The cooperative system in Indonesia is said to be far from the paradigm and understanding of cooperatives that are aspired to, where the people should be placed as the main ones. In addition, the policies presented by the government are expected to be able to encourage the development of cooperatives in the country.
To sharpen this paradigm, the involvement of all parties is expected to enrich the knowledge of the cooperative system in Indonesia so that cooperatives can move in all sectors.
In celebration of National Cooperative Day 2021 on Monday (12/7), Wisma Hijau Talk (BBWH) raised the theme “Cooperatives for Indonesia” with speakers from the Chairman of the Bina Swadaya Foundation Bambang Ismawan and the Chairman of the Association of Strategic Socio-Economic Cadres (AKSES), Suroto, moderated by the Management of the Indonesian Seed Cooperative (Kobeta Cooperative), Dewi Hutabarat, Friday (9/7).
The International Co-operative Alliance (ICA) reports that cooperatives in the world have more than 1 billion members who then create more than 100 million jobs engaged in all sectors, from daily necessities services to public services.
“So far, cooperatives are seen by the community as savings and loan services. Cooperatives can move in all sectors including for daily needs services to public services such as hospitals to electricity needs can be developed on a cooperative basis,” said Cooperative Observer who is also Chairman of the Association of Strategic Socio-Economic Cadres (AKSES), Suroto, in the discussion held online.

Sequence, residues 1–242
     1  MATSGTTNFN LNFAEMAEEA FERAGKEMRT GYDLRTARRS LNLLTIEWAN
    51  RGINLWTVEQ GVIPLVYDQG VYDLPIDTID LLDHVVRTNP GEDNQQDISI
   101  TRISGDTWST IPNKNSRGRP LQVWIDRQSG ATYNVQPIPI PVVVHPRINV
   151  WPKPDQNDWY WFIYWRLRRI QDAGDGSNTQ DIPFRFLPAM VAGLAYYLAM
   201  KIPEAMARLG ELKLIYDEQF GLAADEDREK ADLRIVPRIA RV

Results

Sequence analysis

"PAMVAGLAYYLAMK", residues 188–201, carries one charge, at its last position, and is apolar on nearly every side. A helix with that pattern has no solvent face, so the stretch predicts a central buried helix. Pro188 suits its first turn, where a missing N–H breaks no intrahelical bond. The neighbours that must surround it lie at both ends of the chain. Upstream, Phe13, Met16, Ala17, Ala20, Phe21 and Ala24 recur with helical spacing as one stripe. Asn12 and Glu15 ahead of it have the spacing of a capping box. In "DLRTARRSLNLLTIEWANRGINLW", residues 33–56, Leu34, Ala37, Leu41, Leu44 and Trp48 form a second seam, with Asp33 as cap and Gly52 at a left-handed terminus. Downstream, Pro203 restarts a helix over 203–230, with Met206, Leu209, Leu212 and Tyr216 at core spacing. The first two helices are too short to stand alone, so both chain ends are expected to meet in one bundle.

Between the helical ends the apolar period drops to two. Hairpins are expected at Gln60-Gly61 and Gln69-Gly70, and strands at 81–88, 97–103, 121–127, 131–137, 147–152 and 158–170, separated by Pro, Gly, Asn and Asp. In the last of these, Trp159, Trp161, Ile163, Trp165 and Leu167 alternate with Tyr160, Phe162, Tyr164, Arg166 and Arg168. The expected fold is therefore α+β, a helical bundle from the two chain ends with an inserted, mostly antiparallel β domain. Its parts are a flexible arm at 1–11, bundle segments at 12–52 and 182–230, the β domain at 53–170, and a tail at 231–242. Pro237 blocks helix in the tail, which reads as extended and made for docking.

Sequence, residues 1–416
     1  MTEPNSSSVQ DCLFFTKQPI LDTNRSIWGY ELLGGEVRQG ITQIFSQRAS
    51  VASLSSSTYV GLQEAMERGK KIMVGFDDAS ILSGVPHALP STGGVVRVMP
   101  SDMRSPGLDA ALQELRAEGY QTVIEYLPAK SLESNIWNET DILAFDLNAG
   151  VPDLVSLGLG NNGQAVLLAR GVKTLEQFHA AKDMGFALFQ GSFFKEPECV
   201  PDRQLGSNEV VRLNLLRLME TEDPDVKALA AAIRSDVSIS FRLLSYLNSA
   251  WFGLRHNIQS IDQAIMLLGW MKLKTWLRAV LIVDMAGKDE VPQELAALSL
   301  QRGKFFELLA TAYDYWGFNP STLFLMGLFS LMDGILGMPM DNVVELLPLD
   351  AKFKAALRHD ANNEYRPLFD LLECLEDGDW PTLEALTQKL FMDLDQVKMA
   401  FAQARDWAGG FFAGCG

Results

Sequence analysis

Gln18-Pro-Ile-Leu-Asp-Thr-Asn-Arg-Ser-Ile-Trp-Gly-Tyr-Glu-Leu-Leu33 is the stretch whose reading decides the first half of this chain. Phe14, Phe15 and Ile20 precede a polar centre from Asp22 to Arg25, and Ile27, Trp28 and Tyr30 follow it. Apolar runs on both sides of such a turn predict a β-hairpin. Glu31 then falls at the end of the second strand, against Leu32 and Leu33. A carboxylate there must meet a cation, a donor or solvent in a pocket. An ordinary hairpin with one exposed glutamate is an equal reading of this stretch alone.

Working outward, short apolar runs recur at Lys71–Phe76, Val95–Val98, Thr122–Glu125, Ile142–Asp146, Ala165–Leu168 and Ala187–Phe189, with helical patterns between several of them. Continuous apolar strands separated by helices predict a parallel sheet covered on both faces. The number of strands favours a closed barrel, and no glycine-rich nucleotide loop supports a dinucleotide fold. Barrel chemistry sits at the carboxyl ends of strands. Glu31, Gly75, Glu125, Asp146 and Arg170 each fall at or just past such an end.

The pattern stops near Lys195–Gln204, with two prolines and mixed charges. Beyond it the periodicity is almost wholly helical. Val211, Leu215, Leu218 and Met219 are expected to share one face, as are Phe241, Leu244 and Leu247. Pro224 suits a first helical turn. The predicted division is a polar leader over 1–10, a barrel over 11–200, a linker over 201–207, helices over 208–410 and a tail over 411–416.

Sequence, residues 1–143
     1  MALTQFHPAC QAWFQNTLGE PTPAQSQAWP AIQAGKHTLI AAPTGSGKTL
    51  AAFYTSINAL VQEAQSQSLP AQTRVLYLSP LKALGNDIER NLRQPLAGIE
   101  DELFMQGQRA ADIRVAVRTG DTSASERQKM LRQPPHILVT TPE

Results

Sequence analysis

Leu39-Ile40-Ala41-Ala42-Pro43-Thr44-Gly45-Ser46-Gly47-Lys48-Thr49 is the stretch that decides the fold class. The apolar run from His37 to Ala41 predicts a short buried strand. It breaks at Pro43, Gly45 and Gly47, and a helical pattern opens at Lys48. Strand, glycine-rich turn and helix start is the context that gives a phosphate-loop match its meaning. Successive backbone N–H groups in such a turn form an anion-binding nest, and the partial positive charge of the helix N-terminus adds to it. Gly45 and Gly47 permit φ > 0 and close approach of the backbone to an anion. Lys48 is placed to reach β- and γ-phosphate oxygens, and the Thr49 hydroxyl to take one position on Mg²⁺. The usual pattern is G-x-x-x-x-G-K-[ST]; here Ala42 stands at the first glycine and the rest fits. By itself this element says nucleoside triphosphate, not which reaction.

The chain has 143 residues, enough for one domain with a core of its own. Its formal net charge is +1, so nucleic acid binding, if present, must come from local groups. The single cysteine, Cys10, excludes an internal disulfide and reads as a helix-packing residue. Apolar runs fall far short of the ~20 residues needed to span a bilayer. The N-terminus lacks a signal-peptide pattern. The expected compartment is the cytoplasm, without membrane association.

Suroto said, in the United States most of its citizens access electricity thanks to the role of cooperatives through the National Rural Electric Cooperative Association (NRECA). There is also Group Health Cooperative the largest hospital network in Washington DC which is also managed by cooperatives. Meanwhile, in Indonesia, people still see cooperatives only as savings and loan cooperatives.
The latest ICA release in 2020 stated that of the world’s 300 large cooperatives, Indonesia, which has a large enough population with thousands of cooperatives, did not contribute to the list of 300 large cooperatives in the world. Meanwhile, capitalist countries such as the United States, account for 26 percent of the total number of 300 large cooperatives in the world.
“Cooperatives can be agile organizations because of their position as private legal entities recognized by the state, not profit-oriented, but a benefit for their members. Thus, cooperatives can move in all sectors of life,” he said straightforwardly.
Suroto said that the failure of cooperative development to be the foundation of the company reflected that the image of cooperatives had been positioned as marginal business actors. Cooperatives have been portrayed as peripheral economic actors so people find it difficult to distinguish cooperatives and other types of business entities.
This problem paradigmatically causes the orientation of cooperative empowerment, both in terms of regulations and policies, to be less appropriate. The paradigm of society in Seeing cooperatives is also time for a complete overhaul. This is a matter of cooperative image that must be changed from the assumption of weak and small businesses to competitive and competitive businesses.
“We must make cooperatives develop and become “Economic Heroes” for the community. We change the paradigm that has been created that the economic value chain is controlled by the cartel mafia in the marketing, processing, insurance to financing sectors, owned by cooperatives,” said Suroto.
In addition, he also considered that there are still many laws in Indonesia that discriminate against cooperatives, thus hindering the development of cooperatives.